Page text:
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Why do we procrastinate?

Why do we procrastinate?

The one who did leave for later understands what needs to be done now. Procrastination is much more than just laziness or irresponsibility. After all, the vast majority of the time we don't decide to procrastinate, but we do so involuntarily. Let's understand why we procrastinate?

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Procrastination, far from being a contemporary phenomenon, has deep roots in human behavior. Searching for answers as to why ancient scholars procrastinated occupied. It was even discussed in the philosophical dialogues of ancient Greece, as evidenced by Plato's work Protagoras.

Understand why we procrastinate

To understand the process that leads us to procrastinate, we need to look at the evolutionary history of the human brain. The prefrontal cortex has evolved throughout the natural history of mammals, and is found mainly in primates, including humans. This development is associated with the development of more complex behaviors, such as planning, decision-making, social interactions, and emotional regulation. However, in primates there was a marked increase in the complexity and size of the prefrontal cortex. Allowing for more complex behaviors and interactions between these individuals.

The limbic system, an ancestral part of the brain found in mammals, plays a crucial role in many functions. Emotions, memory, and stress response arise from it. Evolutionarily speaking, they arose before the prefrontal cortex and are associated with more primitive behaviors, such as foraging, reproduction, and responding to threats. The limbic system consists of structures such as the hypothalamus, amygdala, and hippocampus, and is responsible for influencing emotional and motivational responses, often playing an essential role in regulating behavior and survival.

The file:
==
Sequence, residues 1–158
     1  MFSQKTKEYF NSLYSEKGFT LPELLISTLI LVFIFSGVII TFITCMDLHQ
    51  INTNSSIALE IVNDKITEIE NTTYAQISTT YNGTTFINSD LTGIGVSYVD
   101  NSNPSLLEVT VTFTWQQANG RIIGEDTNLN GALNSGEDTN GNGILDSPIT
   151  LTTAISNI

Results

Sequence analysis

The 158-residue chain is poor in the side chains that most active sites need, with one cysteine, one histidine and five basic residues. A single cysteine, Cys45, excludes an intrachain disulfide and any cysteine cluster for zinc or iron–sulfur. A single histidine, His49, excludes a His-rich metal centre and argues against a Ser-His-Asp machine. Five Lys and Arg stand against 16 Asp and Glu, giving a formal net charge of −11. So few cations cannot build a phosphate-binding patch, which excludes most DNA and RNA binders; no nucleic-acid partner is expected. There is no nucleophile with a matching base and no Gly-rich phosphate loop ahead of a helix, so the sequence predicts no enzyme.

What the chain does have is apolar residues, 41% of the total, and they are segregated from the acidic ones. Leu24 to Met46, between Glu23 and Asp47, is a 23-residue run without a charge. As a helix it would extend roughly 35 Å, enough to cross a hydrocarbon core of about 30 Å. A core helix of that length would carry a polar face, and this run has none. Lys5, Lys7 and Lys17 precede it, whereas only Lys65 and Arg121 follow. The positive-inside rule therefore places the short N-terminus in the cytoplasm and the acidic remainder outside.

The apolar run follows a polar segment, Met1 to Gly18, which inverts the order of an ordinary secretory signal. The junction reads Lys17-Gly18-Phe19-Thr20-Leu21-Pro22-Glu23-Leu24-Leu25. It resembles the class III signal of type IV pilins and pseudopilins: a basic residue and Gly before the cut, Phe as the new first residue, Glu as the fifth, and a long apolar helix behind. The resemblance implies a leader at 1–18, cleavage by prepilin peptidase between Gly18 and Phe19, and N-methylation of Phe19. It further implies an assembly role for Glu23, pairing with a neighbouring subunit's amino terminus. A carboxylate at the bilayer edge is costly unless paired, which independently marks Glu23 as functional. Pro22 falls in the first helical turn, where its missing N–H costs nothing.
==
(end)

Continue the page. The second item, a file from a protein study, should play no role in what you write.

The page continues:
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Photo: Athapon Rakthaput/Shutterstock

So, when we face a daily task like schoolwork, a company report, or even writing an essay on procrastination, the prefrontal cortex comes into play, organizing the house so we can get ready for work. However, the limbic system can immediately view this task as something uncomfortable or unpleasant that will put us at risk. Then he takes the initiative and leads us to search for more enjoyable things.

This dynamic between two very important areas of the brain creates an internal battleground, where the immediate impulse of the limbic system often wins out, leading to procrastination. This biological preference for immediate rewards and postponing important tasks is ingrained in human nature, illustrating that procrastination does not simply stem from lazy habits or inefficiency. But this preference to leave things for later, although rewarding in the short term, brings a lot of headaches down the road.

One Stady Led by Dr. Diane Tice and Roy Baumeister, they tracked the performance, stress, and overall health of a group of college students throughout the semester. While the procrastinators originally showed lower levels of stress, by the end of the semester, they were not only more stressed, but they also received lower grades.

Parallel to this scientific analysis, procrastination also appears in ancient writings, such as the works of Aristotle, who depicted “akakrasia” as “weakness of will.” However, this weakness of will is actually a very strong willpower, but to do something else. So, don't stress yourself out during a procrastination crisis. You feel different, and your mind is fighting a battle. Be kind to yourself and look for alternatives to improve your productivity in that moment.

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